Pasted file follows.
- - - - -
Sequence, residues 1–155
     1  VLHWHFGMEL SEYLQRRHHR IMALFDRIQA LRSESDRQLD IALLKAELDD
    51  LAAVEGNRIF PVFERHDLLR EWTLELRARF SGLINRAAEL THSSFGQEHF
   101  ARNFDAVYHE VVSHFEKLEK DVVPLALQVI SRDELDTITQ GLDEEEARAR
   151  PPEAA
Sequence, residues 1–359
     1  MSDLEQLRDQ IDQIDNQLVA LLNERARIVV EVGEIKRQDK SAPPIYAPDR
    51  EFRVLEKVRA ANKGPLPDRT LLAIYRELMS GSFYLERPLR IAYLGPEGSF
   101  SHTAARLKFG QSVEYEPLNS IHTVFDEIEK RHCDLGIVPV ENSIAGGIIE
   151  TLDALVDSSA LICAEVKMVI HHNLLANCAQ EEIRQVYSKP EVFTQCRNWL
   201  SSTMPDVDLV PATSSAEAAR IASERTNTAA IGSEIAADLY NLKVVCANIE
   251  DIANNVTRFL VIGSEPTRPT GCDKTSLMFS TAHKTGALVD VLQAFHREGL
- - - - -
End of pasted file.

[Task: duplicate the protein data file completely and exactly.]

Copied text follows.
Sequence, residues 1–155
     1  VLHWHFGMEL SEYLQRRHHR IMALFDRIQA LRSESDRQLD IALLKAELDD
    51  LAAVEGNRIF PVFERHDLLR EWTLELRARF SGLINRAAEL THSSFGQEHF
   101  ARNFDAVYHE VVSHFEKLEK DVVPLALQVI SRDELDTITQ GLDEEEARAR
   151  PPEAA
Sequence, residues 1–359
     1  MSDLEQLRDQ IDQIDNQLVA LLNERARIVV EVGEIKRQDK SAPPIYAPDR
    51  EFRVLEKVRA ANKGPLPDRT LLAIYRELMS GSFYLERPLR IAYLGPEGSF
   101  SHTAARLKFG QSVEYEPLNS IHTVFDEIEK RHCDLGIVPV ENSIAGGIIE
   151  TLDALVDSSA LICAEVKMVI HHNLLANCAQ EEIRQVYSKP EVFTQCRNWL
   201  SSTMPDVDLV PATSSAEAAR IASERTNTAA IGSEIAADLY NLKVVCANIE
   251  DIANNVTRFL VIGSEPTRPT GCDKTSLMFS TAHKTGALVD VLQAFHREGL